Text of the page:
Decommissioning

If land used for a solar facility is to be returned to agricultural use in the future, it will be necessary to remove the solar equipment from the land. This process is known as decommissioning. Decommissioning is basically the construction process in reverse; it involves removal of the solar panels, breakup of support pads, removal of access roads, replacement of any displaced soil, and revegetation.

Solar development often takes place on leased land, although it also occurs on land owned by solar companies. When leased land is involved, it must be determined whether the landowner or the solar developer bears responsibility for decommissioning. Responsibilities for decommissioning are lease-specific in North Carolina. It is important for landowners to consider decommissioning when setting lease terms, although landowners may choose in some cases to accept decommissioning responsibility themselves. Although state rules on solar decommissioning do not currently exist in North Carolina, local jurisdictions can choose to adopt regulations pertaining to decommissioning.

The materials recovered in the decommissioning process have significant economic value, which can help pay for the costs of decommissioning. Some engineering analyses have indicated that the salvage value of recovered materials is more than enough to pay for the removal of all the materials and to return the site to its pre-construction state.[56],[57],[58],[59]

NCSU has produced several resources that provide more information on decommissioning. They include:

References
  1. ^ 9 RBI Solar, Decommissioning Plan submitted to Catawba County associated with permitting of a 5MW solar project in June 2016. Accessed April 2017. www.catawbacountync.gov/Planning/Projects/Rezonings/RZ2015-05_DecommissioningPlan.pdf
  2. ^ Birdseye Renewables, Decommissioning Plan submitted to Catawba County associated with permitting of a 5MW solar project in May 2015. Accessed April 2017. http://www.catawbacountync.gov/Planning/Projects/Rezonings/RZ2015-04_DecommissioningPlan.pdf.
  3. ^ Cypress Creek Renewables, Decommissioning Plan submitted to Catawba County associated with permitting of a 5MW solar project in September 2016. Accessed April 2017. http://www.catawbacountync.gov/Planning/Projects/Rezonings/RZ2016-06decommission.pdf.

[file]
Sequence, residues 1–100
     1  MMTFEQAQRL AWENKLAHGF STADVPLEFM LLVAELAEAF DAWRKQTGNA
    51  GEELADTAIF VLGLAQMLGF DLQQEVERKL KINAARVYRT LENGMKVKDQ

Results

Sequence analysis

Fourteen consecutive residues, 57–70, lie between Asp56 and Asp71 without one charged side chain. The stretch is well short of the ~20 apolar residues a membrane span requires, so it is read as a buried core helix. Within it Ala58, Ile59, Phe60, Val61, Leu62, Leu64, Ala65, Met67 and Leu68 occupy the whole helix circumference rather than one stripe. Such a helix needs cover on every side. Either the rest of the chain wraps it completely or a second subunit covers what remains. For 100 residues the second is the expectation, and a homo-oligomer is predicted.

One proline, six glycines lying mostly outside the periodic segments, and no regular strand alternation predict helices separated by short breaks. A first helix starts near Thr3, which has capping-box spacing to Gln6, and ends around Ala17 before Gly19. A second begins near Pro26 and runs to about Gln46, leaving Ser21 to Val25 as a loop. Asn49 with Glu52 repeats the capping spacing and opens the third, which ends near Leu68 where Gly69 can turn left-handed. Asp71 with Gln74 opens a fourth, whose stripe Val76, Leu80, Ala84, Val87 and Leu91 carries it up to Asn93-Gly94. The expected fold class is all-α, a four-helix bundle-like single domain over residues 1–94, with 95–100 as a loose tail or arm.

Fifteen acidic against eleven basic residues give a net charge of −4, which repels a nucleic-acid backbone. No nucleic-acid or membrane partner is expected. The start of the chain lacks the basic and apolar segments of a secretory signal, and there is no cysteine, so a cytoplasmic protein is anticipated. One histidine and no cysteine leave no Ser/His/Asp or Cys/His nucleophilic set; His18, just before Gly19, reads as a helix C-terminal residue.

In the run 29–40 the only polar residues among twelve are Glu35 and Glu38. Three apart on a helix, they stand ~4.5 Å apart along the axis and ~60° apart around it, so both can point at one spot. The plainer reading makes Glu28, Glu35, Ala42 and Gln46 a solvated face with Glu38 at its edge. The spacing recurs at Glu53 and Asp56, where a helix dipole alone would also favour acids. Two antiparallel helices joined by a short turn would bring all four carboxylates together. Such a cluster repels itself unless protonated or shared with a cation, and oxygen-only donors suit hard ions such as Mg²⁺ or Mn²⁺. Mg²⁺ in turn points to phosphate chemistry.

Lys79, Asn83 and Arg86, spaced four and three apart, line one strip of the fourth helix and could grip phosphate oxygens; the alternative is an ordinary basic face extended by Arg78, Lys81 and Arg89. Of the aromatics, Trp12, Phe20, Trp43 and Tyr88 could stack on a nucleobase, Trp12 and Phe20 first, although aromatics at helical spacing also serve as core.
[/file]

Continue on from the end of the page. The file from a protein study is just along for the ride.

4. ^ Vasilis Fthenakis, Zhuoran Zhang, Jun-Ki Choi.Cost Optimization of Decommissioning and RecyclingCdTePV Power Plants.IEEE Photovoltaic Specialists Conference 44. June 2017. Accessed August 2017. http://www.ieee-pvsc.org/ePVSC/core_routines/view_abstract_no.php?show_close_window=yes&abstractno=556.
  5. ^ North Carolina Clean Energy Technology Center.Health and Safety Impacts of Solar Photovoltaics. May 2017. Accessed June 2017. https://nccleantech.ncsu.edu/wp-content/uploads/Health-and-Safety-Impacts-of-Solar-Photovoltaics-2017_white-paper.pdf
  6. ^ North Carolina Sustainable Energy Association and North Carolina Clean Energy Technology Center.Template Solar Energy Development Ordinance for North Carolina. October 2016. Accessed June 2017. https://nccleantech.ncsu.edu/wp-content/uploads/NC-Template-Solar-Ordinance_2016.pdf
  7. ^ North Carolina Clean Energy Technology Center.Working Paper: State Regulation of Solar Decommissioning.February 2016. Accessed June 2017. https://nccleantech.ncsu.edu/wp-content/uploads/Solar-Decommissioning-Policy-Working-Paper.pdf
  8. ^ Ted Feitshans, Molly Brewer.Landowner Solar Leasing: Contract Terms Explained.NC State Extension Publications. May 2016. Accessed March 2017. https://content.ces.ncsu.edu/landowner-solar-leasing-contract-terms-explained
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